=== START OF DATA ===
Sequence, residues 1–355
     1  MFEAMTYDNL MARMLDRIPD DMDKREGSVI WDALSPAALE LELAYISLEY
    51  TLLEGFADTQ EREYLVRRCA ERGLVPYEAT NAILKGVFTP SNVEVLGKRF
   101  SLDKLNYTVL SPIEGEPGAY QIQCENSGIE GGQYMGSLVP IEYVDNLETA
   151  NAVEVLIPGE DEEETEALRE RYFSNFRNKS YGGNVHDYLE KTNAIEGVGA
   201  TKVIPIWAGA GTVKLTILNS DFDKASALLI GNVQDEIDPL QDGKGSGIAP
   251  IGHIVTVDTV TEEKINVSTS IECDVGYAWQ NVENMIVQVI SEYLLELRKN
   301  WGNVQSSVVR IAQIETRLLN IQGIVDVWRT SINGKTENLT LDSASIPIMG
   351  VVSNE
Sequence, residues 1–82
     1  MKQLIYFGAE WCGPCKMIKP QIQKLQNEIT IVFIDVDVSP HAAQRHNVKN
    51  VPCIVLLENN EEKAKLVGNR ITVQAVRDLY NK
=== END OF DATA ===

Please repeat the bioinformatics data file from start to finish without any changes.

Sequence, residues 1–355
     1  MFEAMTYDNL MARMLDRIPD DMDKREGSVI WDALSPAALE LELAYISLEY
    51  TLLEGFADTQ EREYLVRRCA ERGLVPYEAT NAILKGVFTP SNVEVLGKRF
   101  SLDKLNYTVL SPIEGEPGAY QIQCENSGIE GGQYMGSLVP IEYVDNLETA
   151  NAVEVLIPGE DEEETEALRE RYFSNFRNKS YGGNVHDYLE KTNAIEGVGA
   201  TKVIPIWAGA GTVKLTILNS DFDKASALLI GNVQDEIDPL QDGKGSGIAP
   251  IGHIVTVDTV TEEKINVSTS IECDVGYAWQ NVENMIVQVI SEYLLELRKN
   301  WGNVQSSVVR IAQIETRLLN IQGIVDVWRT SINGKTENLT LDSASIPIMG
   351  VVSNE
Sequence, residues 1–82
     1  MKQLIYFGAE WCGPCKMIKP QIQKLQNEIT IVFIDVDVSP HAAQRHNVKN
    51  VPCIVLLENN EEKAKLVGNR ITVQAVRDLY NK